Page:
Shows I kept current with: 8 out of 10 Cats, 8 out of 10 Cats Does Countdown, Brooklyn Nine-Nine, Crazy Ex-Girlfriend, It’s Always Sunny in Philadelphia, Jane the Virgin, No Tomorrow, Only Connect, Riverdale, Taboo, The Good Place, The Graham Norton Show
Non-current shows watched: Crashing, Galavant, Only Connect, The Night Of
Pilots tried: Chewing Gum, Frontier
Other: The Big Fat Quiz of Everything
I guess I also watched the first episode of Sherlock season 4, but then realized, “wait, I super don’t give a shit about this show” and did not finish the season. Apparently the ending—was it a series (UK) finale or series (US) finale—was very controversial?
Note that this is the sitcom on Channel 4 about a group of twenty-somethings living as property guardians in a hospital and not the Pete Holmes vehicle (which I probably won’t watch, because ugh Pete Holmes and ugh TV shows starring comedians as slightly less successful versions of themselves, you know?)
It’s sort of similar to Girls or Please Like Me, in that it captures some very specific and very generational brands of obnoxiousness in the writing. E.g. Lulu, the girl (woman?) who is super in love with her own ~quirkiness –she carries around a ukulele, wears rompers, etc.–and assumes that she’s the most interesting person in the room at all times. Or Anthony, who works at a restaurant where the customers are forbidden from using utensils. Crashing is a bit more cartoonish and wacky than those shows, I guess, due to the high-concept premise and more traditional sitcom-y pacing/hijinks per episode. But it has some interesting relationship dynamics and was certainly compelling enough for me to watch all six episodes in one go. One hopes there will be another season, but I don’t know how likely it is, given that Phoebe Waller-Bridge (the writer and one of the stars) is in the midst of blowing up, with Fleabag and the as-yet untitled Han Solo film.
I watched the first two episodes of this back when it premiered, but was not impressed and gave it up. Now, having watched the whole series, I’m…still not impressed. I probably made the right call in 2015. But I guess I wanted to have it in my back-pocket for the next time I feel compelled to make a point about Crazy Ex-Girlfriend in a comments section, in case I need to provide more context on the history of musical TV series? And there was, of course, the hope that it would shape up over the course of its two seasons and get somewhere closer to the Robin Hood: Men in Tights, The Princess Bride, A Knight’s Tale, Ever After, etc. type of semi-historical/fantasy/comedy mashup that it clearly wants to be.
But yeah, the songs are mostly bland and forgettable; sure, it’s impressive that they managed to come up with multiple original songs per episode for two seasons (although it’s not like they were 22-episode seasons), but it would be a lot more impressive if any of them actually left an impression–the theme song is catchy, but that might just be the power of repetition–and if so many of them weren’t just kind of tired parodies. A lot of the humor (sung and spoken) is pretty lame—this is a show where saying “[insert whatever] is The Worst” is used as a running joke/callback humor, as if that’s a phrase unique to Galavant and not, like, super common in colloquial speech? And the characters are either too cartoonish or poorly defined to get super invested in–which might be fine if they had better jokes or better songs, but: nope.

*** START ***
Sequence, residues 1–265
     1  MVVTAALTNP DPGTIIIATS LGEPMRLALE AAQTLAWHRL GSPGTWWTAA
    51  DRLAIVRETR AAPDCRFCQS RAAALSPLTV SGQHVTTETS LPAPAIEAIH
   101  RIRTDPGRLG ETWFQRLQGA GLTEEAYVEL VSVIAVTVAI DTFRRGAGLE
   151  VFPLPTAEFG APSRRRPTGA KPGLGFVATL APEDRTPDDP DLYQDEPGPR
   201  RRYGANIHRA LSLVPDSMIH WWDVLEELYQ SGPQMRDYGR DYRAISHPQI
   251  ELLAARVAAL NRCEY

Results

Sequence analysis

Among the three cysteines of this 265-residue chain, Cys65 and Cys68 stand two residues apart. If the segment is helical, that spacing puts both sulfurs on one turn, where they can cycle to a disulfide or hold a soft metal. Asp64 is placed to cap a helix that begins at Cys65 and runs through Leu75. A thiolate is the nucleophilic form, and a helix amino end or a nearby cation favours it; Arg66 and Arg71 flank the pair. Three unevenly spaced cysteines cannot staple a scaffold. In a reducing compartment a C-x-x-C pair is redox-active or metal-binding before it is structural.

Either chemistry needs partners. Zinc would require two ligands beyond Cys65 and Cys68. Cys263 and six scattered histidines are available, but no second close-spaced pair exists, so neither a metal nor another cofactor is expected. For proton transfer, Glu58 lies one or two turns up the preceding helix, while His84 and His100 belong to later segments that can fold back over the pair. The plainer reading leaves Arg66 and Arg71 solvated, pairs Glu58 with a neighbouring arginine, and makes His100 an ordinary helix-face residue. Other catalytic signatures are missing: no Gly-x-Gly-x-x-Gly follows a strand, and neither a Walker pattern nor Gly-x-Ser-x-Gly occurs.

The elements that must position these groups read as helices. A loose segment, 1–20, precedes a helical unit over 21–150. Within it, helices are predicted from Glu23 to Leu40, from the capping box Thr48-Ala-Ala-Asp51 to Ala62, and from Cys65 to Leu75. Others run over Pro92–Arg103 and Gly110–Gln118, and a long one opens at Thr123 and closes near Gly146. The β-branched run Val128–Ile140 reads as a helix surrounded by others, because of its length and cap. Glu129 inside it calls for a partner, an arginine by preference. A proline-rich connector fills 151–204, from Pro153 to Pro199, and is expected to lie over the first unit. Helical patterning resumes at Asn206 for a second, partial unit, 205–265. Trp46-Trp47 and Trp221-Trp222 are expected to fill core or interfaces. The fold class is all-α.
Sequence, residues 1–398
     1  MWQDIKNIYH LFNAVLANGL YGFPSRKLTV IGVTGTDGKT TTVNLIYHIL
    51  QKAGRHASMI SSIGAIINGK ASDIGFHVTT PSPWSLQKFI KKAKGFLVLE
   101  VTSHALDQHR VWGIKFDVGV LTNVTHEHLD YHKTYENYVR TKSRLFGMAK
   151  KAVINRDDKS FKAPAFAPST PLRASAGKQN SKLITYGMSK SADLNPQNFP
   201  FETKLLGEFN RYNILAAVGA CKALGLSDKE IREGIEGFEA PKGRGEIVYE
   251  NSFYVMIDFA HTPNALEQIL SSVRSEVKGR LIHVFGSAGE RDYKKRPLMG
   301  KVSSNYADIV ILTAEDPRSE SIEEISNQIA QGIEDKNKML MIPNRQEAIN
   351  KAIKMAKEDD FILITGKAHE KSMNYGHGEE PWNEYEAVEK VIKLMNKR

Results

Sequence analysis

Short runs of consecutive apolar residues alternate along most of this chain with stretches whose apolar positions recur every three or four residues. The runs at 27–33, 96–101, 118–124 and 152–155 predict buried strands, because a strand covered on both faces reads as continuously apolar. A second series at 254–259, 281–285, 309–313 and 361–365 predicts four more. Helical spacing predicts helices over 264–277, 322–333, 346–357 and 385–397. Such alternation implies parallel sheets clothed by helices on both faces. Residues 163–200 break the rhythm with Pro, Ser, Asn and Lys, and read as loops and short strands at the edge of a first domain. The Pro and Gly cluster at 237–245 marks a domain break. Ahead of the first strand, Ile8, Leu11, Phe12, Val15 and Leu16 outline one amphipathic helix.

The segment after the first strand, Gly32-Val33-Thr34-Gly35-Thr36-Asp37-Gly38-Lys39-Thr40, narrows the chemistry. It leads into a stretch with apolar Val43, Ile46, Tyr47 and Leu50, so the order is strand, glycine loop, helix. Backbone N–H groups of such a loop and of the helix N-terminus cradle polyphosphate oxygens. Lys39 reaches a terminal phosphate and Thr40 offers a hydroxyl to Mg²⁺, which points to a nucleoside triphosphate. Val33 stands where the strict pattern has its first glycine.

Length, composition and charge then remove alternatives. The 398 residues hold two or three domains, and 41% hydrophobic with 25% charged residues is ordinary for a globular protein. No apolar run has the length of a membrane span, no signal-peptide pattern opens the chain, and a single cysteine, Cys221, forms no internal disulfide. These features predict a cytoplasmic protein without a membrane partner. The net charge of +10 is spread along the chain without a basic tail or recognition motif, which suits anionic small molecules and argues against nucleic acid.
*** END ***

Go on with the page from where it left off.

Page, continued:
Still, it had a few moments and it was sort of comforting–or at least not distressing–viewing. I’m glad that they tried, anyway–it’s good to have some variety, so that not every half-hour sitcom is centered around the dating misadventures of a group of four to six 20- or 30-something friends in contemporary LA, New York, or Chicago.
The Night Of
Sure, why not. I basically liked this, but I’m probably glad I wasn’t watching this and following the reviews/theories/reactions when it initially aired. A few things:
- Riz Ahmed’s face = great
- If this had aired a few years ago or on a different network, then you would feel confident going in that Naz’s name would be cleared by the end and all would be well, but in the current Prestige Television landscape, it really did seem possible that he would remain in prison at the end of the series. So that was stressful.
- The criticism of Chandra’s plotline–and it seems there was a lot of it–seems unfair to me and perhaps rooted in people’s desires for Perfect Strong Female Characters rather than Human (and thus Flawed) Female Characters. Maybe she wasn’t that well-written in general, but I feel like Eczema Detective (a.k.a John Stone, apparently) was the only character we got a deep sense of anyway (since I guess the structure of the show relies on us not really being sure what Naz’s deal was before the titular Night). I don’t know that we knew enough about her to see kissing Naz as out of character; it was a dumb choice for her, as a person, to make, but right, the whole premise of the show is that an otherwise smart person may make one (or a series) of dumb, impulsive choices that can ruin their life. She’s stressed, he’s hot, the lawyer/client relationship is weird and intimate and her angle (or the angle that’s been imposed on her) has been to get him to bond with her through race, age, etc., so it doesn’t seem like a completely random event–that is, I don’t think it was necessarily bad writing. But sure, because the whole “competent woman succumbing to unprofessional emotions because women, am I right?” plot-line is the type of thing we see so often, handled poorly, in TV and movies, we’re inclined to see any instance of that plot-line as automatically sexist or cliched or whatever; I do get that.